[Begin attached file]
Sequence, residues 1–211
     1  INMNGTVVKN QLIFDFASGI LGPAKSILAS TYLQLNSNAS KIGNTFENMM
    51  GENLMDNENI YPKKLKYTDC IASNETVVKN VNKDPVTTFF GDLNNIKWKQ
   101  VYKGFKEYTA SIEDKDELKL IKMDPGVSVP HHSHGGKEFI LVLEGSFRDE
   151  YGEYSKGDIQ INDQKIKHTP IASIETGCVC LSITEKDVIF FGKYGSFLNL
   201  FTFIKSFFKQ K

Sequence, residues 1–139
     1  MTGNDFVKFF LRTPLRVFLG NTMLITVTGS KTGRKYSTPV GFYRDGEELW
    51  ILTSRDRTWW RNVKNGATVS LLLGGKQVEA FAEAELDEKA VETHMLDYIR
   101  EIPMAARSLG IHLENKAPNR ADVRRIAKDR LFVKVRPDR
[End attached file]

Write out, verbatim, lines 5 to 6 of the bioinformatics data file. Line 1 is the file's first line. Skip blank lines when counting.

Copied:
   151  YGEYSKGDIQ INDQKIKHTP IASIETGCVC LSITEKDVIF FGKYGSFLNL
   201  FTFIKSFFKQ K